Alabama's Republican members of Congress vowed to repeal the Democratic health care reform law that won the Supreme Court's blessing Thursday, while the state's lone Democratic House member praised the ruling.
The 5-4 decision was a blow to Alabama and 25 other states that had sued on grounds that the law's "individual mandate" provision, which requires everyone to carry health insurance or pay fines beginning in 2014, is unconstitutional.
"I respect the Supreme Court decision, however I am deeply disappointed by the outcome of this case," said Rep. Martha Roby, R-Montgomery. "There has never been a disagreement that health care costs are too high and that all Americans don't have access to it. What we disagreed with is how we get there."
Like other Republicans, she vowed to vote for a measure the House plans to take up on July 11 that would repeal the 2010 law and replace it with legislation to cap medical malpractice payments, allow people to shop for cheaper, out-of-state insurance policies and make other changes.
Repealing and replacing the law -- the rallying cry for all Republicans after the ruling -- won't be easy. Democrats in charge of the Senate would almost certainly refuse to even bring the legislation up for a vote -- as it did when the House passed a repeal measure earlier this year -- and President Barack Obama would veto it.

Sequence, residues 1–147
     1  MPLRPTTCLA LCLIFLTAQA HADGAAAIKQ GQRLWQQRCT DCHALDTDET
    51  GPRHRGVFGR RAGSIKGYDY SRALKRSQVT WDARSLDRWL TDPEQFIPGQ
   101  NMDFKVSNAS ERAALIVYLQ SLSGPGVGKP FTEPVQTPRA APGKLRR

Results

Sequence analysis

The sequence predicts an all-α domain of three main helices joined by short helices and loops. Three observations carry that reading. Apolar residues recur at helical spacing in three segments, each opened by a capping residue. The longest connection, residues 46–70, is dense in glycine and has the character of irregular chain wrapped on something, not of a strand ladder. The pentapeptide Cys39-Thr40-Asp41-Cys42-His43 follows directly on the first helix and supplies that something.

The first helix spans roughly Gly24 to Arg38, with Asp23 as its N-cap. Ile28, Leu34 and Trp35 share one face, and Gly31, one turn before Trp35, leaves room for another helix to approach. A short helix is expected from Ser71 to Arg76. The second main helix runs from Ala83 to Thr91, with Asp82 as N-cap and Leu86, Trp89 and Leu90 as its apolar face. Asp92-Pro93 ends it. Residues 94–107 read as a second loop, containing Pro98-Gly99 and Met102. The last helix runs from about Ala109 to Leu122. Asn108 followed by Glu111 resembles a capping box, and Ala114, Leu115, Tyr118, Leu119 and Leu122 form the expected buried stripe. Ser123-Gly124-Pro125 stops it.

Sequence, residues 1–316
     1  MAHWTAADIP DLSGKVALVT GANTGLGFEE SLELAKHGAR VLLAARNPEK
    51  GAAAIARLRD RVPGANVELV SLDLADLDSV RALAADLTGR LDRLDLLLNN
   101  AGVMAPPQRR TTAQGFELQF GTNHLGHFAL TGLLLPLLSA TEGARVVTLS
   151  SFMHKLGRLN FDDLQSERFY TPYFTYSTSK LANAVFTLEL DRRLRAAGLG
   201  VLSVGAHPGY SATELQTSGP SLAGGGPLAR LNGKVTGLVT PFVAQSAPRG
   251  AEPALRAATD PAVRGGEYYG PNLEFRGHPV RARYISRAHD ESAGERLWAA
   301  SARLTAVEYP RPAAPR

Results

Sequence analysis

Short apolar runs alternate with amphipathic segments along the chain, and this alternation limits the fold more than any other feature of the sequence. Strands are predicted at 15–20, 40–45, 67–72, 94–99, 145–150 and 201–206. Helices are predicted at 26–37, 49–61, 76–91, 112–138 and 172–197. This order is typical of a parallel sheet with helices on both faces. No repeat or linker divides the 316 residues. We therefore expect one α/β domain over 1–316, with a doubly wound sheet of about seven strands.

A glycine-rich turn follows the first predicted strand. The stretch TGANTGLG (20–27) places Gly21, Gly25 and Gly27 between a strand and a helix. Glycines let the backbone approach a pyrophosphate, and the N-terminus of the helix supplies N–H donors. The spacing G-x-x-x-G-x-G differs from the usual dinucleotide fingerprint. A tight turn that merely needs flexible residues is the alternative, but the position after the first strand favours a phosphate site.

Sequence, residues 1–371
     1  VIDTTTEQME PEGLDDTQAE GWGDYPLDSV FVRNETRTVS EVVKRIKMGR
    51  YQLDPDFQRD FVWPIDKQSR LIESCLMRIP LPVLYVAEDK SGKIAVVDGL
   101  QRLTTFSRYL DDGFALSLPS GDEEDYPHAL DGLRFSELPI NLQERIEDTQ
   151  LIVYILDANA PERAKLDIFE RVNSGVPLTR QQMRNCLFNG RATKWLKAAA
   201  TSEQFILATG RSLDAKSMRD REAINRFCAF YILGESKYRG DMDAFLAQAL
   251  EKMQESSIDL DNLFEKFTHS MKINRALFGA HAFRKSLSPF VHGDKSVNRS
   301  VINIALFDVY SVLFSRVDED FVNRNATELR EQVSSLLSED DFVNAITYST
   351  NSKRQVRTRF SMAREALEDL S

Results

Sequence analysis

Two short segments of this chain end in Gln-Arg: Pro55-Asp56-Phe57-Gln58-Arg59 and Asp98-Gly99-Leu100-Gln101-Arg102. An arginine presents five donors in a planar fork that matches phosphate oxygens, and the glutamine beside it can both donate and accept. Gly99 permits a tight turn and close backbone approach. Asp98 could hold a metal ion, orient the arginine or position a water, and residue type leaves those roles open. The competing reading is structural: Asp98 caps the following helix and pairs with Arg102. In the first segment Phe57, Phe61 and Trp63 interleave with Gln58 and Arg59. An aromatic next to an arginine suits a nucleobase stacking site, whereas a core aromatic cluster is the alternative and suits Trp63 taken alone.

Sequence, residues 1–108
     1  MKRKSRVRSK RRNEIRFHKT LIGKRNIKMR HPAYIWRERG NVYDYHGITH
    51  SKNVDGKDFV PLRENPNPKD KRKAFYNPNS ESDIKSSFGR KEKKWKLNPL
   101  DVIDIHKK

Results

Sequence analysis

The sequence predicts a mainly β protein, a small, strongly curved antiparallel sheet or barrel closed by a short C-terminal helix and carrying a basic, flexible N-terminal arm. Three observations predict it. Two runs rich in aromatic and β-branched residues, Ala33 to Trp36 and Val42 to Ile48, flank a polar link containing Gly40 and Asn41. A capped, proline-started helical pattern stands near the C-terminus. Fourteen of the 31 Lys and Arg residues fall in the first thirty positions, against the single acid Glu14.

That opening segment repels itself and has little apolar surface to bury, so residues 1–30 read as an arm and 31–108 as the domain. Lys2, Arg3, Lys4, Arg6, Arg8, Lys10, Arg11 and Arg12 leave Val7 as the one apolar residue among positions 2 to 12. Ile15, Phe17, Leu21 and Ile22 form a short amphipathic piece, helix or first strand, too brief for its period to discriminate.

Roby and other Republicans vowed to press on regardless.
"We will do our work in the House and then the American people can hold the Senate and the president accountable," she said.
Rep. Terri Sewell, D-Birmingham, praised the ruling as a "monumental victory" for Americans. She said the ruling ensures that 36,000 children with pre-existing health conditions in her district can't be denied coverage, and 109,000 adults and children can continue to receive preventive care.
"Today's ruling confirms what I have always believed, that health care in America should be a right and not a privilege," Sewell said.
The individual mandate is central to the Obama administration's effort to cover about 30 million uninsured people, including more than 500,000 in Alabama. The idea is that increasing the number of insured Americans will lower premiums.